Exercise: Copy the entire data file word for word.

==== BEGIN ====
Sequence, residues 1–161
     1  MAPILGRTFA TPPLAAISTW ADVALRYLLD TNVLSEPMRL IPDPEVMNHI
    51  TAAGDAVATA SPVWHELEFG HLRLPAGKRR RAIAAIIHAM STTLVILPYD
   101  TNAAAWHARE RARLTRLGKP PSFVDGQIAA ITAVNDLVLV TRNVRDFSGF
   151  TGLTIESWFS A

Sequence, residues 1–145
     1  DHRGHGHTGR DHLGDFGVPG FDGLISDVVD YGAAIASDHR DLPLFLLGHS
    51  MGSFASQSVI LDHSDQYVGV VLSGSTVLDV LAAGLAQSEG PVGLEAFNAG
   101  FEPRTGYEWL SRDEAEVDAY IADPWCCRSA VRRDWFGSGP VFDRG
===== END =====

Sequence, residues 1–161
     1  MAPILGRTFA TPPLAAISTW ADVALRYLLD TNVLSEPMRL IPDPEVMNHI
    51  TAAGDAVATA SPVWHELEFG HLRLPAGKRR RAIAAIIHAM STTLVILPYD
   101  TNAAAWHARE RARLTRLGKP PSFVDGQIAA ITAVNDLVLV TRNVRDFSGF
   151  TGLTIESWFS A

Sequence, residues 1–145
     1  DHRGHGHTGR DHLGDFGVPG FDGLISDVVD YGAAIASDHR DLPLFLLGHS
    51  MGSFASQSVI LDHSDQYVGV VLSGSTVLDV LAAGLAQSEG PVGLEAFNAG
   101  FEPRTGYEWL SRDEAEVDAY IADPWCCRSA VRRDWFGSGP VFDRG